1 year ago 💎 for day 31, 2021 with 668 words.

Thinking about the internet village

Over the last few months, Kent and I discussed at length the concept of 'online villages', web design as architecture, internet architecture and corporations dominating the internet. For ages, I've been looking for a phrase or a title to somehow group these concepts together, but it's hard to come up with a kind of umbrella term that describes what I really want to call it.

I've been thinking of the internet as a kind of online city, where ordinary life takes place - working, dating, exercising, studying, designing, except it's all behind our computer screens. This, incorporated with elements such as web design, online architecture and personal websites being like our homes has fascinated me for weeks. I really want to write an essay, long-form, that discusses all of this at length - but I'm still at a loss as to what I want to achieve with it. What would my conclusion be? Would it be a critique or simply an investigation?

Anyhow, I thought for today that I'd explain some of these concepts. Let's start with the topic of websites being buildings, where web designers ultimately are the same as architects. A risky comparison, but it makes so much sense when you compare the two!

Kent noted:

"In the last two months, I have moved to a new village. It’s a small village. Maybe a couple of 1000 people live there.

Most people know each other.

It’s easy to meet each other online.

Personal websites function as digital homes.

Twitter functions as a nightclub. It’s easy to meet new people."

Websites as buildings

Buildings can also be websites. Architects (web designers) design the scale, the function, the ins and outs of the website much like a physical architect. The physical buildings house function, design for a reason, rooms that have individual purposes.

A website has the same functions as a building. It has a landing page, which could be equated to a foyer or front hall in the house or an office building. Imagine walking into somebody's house and seeing photos of say, their family or friends, instantly seeing flowers or a welcome mat. Whatever greeting you experience when you walk into somebody's house, that is what you will experience when you arrive on a landing page of somebody's website. You are shown doors leading off to the sides which count as pages on a website.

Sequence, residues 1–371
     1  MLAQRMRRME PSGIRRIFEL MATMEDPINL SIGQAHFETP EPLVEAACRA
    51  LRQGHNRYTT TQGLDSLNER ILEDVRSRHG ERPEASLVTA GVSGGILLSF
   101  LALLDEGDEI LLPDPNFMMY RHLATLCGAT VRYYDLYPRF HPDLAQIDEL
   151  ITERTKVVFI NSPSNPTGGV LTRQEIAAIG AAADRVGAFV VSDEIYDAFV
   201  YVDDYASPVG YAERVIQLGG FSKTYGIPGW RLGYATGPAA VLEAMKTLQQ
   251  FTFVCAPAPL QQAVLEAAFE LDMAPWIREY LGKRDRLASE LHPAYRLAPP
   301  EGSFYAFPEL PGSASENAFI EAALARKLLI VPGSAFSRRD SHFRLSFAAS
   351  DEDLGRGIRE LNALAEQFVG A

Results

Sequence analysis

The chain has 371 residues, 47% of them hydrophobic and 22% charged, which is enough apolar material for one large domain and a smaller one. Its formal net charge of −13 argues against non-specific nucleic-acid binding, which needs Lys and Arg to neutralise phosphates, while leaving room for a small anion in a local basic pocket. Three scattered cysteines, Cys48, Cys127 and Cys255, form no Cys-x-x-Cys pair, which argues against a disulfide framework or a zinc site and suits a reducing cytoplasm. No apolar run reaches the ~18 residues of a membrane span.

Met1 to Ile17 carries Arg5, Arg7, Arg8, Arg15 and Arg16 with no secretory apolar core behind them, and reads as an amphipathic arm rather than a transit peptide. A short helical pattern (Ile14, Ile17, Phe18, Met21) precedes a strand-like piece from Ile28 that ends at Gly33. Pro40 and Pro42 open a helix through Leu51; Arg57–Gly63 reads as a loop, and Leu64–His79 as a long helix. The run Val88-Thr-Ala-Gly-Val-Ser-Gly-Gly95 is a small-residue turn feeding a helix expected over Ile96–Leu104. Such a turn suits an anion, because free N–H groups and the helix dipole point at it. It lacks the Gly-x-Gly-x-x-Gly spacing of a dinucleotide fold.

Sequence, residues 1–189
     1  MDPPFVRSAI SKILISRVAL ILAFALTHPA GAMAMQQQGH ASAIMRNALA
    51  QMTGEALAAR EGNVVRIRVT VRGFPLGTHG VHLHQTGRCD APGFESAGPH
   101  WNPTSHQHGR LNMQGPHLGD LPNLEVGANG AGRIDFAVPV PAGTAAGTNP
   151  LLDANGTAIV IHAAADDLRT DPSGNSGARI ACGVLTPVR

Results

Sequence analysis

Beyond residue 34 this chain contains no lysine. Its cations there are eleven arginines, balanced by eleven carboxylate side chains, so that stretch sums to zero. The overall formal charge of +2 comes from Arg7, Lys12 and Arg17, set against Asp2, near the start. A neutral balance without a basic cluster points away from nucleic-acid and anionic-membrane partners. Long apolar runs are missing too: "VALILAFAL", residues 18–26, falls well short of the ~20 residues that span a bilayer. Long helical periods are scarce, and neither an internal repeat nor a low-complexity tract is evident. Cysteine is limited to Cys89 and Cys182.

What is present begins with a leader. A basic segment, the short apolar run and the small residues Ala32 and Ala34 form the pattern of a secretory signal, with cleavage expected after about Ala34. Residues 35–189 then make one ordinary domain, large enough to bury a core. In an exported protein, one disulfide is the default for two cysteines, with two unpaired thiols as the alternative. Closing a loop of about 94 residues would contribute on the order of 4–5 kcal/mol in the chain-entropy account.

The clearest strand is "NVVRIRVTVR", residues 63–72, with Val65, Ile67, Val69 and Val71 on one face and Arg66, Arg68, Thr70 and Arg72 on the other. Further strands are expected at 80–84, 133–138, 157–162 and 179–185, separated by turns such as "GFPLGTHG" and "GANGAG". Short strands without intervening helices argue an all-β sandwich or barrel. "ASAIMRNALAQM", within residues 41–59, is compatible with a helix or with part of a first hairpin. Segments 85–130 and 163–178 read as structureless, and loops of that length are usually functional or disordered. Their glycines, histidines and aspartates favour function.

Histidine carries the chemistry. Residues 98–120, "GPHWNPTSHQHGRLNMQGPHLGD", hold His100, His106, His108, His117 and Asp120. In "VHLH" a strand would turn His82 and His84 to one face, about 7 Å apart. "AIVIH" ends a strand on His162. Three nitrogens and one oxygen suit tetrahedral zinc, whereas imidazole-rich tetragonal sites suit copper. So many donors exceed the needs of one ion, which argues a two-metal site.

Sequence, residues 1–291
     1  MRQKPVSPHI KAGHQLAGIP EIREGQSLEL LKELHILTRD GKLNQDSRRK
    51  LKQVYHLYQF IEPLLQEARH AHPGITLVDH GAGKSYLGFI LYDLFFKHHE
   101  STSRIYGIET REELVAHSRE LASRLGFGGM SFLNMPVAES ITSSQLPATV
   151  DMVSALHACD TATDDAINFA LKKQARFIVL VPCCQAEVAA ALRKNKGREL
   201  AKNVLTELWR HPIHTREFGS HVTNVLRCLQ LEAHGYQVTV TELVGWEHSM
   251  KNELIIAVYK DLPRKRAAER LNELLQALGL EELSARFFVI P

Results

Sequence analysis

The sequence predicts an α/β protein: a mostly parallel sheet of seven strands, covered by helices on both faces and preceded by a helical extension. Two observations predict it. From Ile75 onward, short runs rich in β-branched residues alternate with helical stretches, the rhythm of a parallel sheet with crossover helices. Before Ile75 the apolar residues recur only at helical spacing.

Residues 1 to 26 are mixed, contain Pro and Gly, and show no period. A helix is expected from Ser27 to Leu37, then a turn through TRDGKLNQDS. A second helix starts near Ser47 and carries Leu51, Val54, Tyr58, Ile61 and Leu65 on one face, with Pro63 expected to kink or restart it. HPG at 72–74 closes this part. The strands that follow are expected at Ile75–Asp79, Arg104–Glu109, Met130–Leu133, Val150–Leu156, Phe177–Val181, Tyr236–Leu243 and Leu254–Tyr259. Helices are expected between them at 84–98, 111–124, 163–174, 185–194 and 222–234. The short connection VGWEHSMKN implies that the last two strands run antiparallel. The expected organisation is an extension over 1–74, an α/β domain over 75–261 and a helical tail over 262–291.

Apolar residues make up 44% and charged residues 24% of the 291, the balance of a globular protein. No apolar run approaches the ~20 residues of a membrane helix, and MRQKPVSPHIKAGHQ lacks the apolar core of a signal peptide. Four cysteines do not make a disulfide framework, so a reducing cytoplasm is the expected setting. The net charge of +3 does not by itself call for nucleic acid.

Similarities of architects and designers

The foundations of the home are built on concrete, by bricks and mortar. This is the same for any website - the code builds the site from the ground up, and any bugs or glitches that could hinder a site's performance can easily be compared to a crack in the foundations or a plumbing issue. The architect or web designer then must go into the foundations or the code and find the problem, assess it and solve it to avoid any future mishaps.

Digital architecture from earlier days

When we were kids, at least in my generation, we played games such as Rollercoaster Tycoon, The Sims and Second Life. The hours we would spend designing and planning out our mansion in the Sims so it could be the biggest, the best - we were designers in our early teens. How has this evolved into us as designers nowadays? Are we more aware of our online spaces and presence because of these games as youngsters?

With these points made, I hope to delve into the similarities and differences between real-life design and architecture and web design in itself. For the essay in the future, I'd want to include a structure from the ground up: so, architecture and building, to occupying the internet space, to real-life online presence.

I'm super excited to go down this rabbit hole - hey, it may not be Avril Lavigne conspiracy theories, but it's probably better for my sanity in the long term.

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By Freya


Trying to create a habit. Yogini in training, copywriter, coffee-drinker, photo-taker.

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